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Published February 13th, 2013
Despite Cost-Saving Measures, ConFire Financial Situation Still Very Iffy
By David Killam

When voters rejected Measure Q to financially rescue the Contra Costa Fire District, the district had to take cost-cutting measures in order to balance the books. The district decided to close three fire stations and reduce service at another. In addition, some people were laid off and vacant positions went unfilled. The district also claimed to have cut costs by 10 percent, although the Contra Costa Taxpayer's Association argues on its website that: "There was a 5 percent pay cut and two 2.5 percent raises that were not granted. Most people do not consider canceled pay raises equal to a pay cut."
The taxpayers association also criticized the district for annual budget planning of $11 million for overtime. District officials responded that the overtime was necessary to insure that emergency facilities met minimum staffing requirements at all times.
The economic downturn caused the district's portfolio assets to decline in value by 30 percent. In addition, when the retirement board decided in 2005 to "de-pool" county pension assets- that is, separate the pensions of county agencies into different funds- the district lost some of its ability to cost-share with other agencies.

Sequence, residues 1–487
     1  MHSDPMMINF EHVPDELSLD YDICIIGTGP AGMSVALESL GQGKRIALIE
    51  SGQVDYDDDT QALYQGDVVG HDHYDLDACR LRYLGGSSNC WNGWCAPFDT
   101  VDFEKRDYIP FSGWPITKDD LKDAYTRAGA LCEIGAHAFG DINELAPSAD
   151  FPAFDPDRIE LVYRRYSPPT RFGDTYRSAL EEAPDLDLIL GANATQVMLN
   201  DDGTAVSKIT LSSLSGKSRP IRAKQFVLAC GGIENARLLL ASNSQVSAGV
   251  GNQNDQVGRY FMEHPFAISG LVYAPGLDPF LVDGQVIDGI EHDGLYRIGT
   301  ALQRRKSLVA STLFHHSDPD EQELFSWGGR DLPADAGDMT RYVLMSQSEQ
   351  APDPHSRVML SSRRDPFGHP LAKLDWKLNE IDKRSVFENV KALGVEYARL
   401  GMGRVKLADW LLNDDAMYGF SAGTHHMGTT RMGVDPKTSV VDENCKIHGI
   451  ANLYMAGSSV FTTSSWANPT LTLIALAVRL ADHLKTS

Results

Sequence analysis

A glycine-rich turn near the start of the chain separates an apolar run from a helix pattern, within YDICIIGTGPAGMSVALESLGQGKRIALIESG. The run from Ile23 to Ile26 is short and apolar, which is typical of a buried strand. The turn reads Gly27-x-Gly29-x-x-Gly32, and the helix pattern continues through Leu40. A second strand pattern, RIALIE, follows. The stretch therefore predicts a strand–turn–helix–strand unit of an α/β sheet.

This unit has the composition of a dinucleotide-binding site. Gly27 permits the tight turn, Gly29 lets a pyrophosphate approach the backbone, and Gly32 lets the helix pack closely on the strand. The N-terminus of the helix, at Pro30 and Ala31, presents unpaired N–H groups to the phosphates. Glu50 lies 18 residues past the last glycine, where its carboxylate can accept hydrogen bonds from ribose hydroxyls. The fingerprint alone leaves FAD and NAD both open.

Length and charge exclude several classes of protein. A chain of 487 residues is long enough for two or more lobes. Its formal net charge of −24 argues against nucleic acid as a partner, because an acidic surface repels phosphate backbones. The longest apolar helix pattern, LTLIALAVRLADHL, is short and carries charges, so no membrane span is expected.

In order to help pay for the current retirement program the district had to issue pension liability bonds, the current value of which is $106 million. These bonds will reach maturity in 2022. Combine this with the current $137,737,000 of the district unfunded liability and you have got a serious amount of money. And we're not even talking about what kind of trouble the rest of the county pension fund could be in.
There is a bright spot on the horizon. According to a newsletter put out by Richard Cabral of the Retirement Board: Investment returns for 2012 will be "in excess of 10 percent." It remains to be seen if this kind of investment can pull the county's and the district's chestnuts out of the fire. Other agencies have had to reconfigure their entire retirement program to pay for their retirement system. Can this work in California where the "California rule" guarantees workers' rights to retire with the retirement system they were hired with?
By the end of February the county will issue its 2012 County Comprehensive Annual Financial Report. That may give us a clearer idea of where we stand.

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